The British public should decide on matters that affect it

The EU now influences aspects of our lives we could never have imagined, from opening Britain’s borders to the other 27 EU countries to what parts of Britain’s territorial waters British fishermen can fish in.

Those who defend British membership of the EU say that the EU generally makes the right decisions for us so we should let them get on with it. But that misses the point. This is not about what level of migration is ideal, or who should be able to fish in British territorial waters. The point is that the British public should decide on matters which affect it through its elected representatives in Westminster.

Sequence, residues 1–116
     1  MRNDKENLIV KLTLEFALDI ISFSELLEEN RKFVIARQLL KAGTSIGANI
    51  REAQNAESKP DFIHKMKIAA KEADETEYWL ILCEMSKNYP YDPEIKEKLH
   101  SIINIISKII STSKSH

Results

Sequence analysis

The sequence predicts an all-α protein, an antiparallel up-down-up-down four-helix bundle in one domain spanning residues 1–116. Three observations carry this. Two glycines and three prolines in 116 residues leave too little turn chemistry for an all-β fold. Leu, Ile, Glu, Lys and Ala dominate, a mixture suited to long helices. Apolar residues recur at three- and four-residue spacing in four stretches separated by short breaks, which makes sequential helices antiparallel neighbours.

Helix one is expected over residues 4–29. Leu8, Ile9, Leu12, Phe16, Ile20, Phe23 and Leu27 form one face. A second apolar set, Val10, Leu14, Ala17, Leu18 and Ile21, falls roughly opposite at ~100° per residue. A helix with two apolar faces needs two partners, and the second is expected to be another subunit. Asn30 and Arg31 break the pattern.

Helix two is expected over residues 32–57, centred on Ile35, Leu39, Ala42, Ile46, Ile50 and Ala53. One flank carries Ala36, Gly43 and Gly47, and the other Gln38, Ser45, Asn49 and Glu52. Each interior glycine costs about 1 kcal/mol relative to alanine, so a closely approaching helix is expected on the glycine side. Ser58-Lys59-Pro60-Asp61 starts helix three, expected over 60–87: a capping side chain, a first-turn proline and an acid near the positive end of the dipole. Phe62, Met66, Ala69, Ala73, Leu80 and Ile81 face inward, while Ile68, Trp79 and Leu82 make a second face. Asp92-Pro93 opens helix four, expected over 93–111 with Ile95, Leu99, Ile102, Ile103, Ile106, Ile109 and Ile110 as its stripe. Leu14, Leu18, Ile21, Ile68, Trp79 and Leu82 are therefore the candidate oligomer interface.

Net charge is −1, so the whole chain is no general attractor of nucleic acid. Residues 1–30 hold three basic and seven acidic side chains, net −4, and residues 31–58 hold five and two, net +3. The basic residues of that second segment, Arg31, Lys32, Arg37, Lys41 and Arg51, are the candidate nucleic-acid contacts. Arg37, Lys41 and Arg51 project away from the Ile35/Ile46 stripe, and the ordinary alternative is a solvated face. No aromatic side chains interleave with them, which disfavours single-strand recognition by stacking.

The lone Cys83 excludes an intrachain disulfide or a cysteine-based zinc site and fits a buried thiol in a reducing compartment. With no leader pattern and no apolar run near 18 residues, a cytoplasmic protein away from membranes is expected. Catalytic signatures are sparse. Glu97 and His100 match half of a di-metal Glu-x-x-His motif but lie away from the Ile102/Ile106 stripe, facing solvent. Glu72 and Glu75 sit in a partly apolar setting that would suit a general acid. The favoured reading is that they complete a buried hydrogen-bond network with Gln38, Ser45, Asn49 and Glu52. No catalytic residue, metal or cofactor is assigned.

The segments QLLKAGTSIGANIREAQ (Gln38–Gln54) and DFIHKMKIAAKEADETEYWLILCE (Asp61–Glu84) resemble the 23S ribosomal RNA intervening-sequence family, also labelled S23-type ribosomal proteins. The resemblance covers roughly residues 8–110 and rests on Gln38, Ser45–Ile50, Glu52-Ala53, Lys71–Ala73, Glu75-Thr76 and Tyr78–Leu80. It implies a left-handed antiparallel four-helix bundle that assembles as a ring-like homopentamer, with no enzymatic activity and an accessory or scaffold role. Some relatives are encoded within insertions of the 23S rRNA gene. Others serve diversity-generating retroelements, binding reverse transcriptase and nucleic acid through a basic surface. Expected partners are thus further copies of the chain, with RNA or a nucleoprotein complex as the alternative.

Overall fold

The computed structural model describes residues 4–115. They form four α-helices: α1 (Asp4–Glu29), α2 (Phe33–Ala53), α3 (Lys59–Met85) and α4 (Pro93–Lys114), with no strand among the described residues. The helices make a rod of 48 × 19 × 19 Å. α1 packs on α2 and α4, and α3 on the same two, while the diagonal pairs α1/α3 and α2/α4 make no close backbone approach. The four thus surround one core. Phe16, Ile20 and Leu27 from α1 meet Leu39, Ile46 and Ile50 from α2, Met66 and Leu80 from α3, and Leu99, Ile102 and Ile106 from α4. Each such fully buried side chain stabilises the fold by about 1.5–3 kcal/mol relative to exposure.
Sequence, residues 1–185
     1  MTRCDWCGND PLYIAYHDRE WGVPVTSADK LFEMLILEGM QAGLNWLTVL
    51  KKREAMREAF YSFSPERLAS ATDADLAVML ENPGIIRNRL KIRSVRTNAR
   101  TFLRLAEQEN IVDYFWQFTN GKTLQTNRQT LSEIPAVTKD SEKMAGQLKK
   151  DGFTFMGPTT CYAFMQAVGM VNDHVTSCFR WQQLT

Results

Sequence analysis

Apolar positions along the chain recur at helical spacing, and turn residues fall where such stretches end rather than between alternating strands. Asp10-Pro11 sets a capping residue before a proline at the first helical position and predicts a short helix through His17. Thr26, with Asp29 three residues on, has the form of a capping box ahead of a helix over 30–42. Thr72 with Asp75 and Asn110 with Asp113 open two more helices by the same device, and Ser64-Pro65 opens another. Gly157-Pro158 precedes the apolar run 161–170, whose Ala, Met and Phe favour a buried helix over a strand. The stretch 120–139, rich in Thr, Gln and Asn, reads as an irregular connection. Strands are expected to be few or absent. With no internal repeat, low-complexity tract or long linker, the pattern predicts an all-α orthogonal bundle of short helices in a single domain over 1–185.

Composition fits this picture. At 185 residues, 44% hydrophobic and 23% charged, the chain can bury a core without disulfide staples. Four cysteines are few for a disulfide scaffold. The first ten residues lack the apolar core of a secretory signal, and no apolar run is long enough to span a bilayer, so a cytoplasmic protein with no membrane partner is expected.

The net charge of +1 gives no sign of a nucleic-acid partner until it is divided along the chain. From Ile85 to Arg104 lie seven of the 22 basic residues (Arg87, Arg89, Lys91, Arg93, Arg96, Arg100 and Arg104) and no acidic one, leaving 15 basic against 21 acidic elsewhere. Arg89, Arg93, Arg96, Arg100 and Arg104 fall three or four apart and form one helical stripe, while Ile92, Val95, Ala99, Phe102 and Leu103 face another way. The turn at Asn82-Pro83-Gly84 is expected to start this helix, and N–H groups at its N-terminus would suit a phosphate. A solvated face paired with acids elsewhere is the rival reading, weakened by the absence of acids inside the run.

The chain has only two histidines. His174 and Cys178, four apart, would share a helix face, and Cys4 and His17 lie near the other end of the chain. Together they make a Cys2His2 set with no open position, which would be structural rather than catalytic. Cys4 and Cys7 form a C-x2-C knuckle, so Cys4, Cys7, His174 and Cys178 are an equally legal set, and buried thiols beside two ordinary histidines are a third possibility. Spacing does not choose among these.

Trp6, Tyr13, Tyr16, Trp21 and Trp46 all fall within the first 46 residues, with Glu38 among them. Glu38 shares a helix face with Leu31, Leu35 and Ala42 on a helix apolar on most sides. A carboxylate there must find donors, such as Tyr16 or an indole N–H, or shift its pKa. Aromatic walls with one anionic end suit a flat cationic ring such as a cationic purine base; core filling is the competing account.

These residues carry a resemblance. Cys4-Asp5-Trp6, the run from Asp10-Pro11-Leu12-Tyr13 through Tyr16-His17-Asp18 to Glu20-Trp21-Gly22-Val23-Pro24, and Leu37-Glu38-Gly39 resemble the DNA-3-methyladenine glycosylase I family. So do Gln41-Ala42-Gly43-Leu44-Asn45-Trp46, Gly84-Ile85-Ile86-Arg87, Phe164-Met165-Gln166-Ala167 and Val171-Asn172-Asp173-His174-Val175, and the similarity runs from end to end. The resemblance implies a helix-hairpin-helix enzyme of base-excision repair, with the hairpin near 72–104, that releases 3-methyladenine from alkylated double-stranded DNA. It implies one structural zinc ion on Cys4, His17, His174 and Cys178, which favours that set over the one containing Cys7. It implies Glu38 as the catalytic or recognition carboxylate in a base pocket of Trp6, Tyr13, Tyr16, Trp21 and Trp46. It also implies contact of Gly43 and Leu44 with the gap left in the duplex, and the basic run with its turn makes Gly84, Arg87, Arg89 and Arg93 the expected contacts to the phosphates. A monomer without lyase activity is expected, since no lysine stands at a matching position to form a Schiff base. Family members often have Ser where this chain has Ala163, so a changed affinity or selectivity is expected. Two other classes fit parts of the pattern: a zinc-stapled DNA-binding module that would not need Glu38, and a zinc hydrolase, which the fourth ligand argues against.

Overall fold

At the moment the House of Commons Library estimates that the EU makes as much as 55% of laws in Britain. What happens when the EU makes decisions we don’t like? When MEPs cannot propose legislation in the European Parliament and when British MEPS are a minority of MEPS, what mechanism do we have for correcting the EU’s mistakes?

We have already witnessed our powerlessness to do anything to re-establish control over immigration from the EU. That may not worry some people, but what will those people do when in the future the EU passes into law something with which they disagree? 

The British public was never told that joining the EU would lead to the erosion of our independence and our sovereignty. In fact, they were explicitly told it wouldn’t. In 1973 Prime Minister Edward Heath made a television broadcast marking Britain’s accession to the EEC in which he said: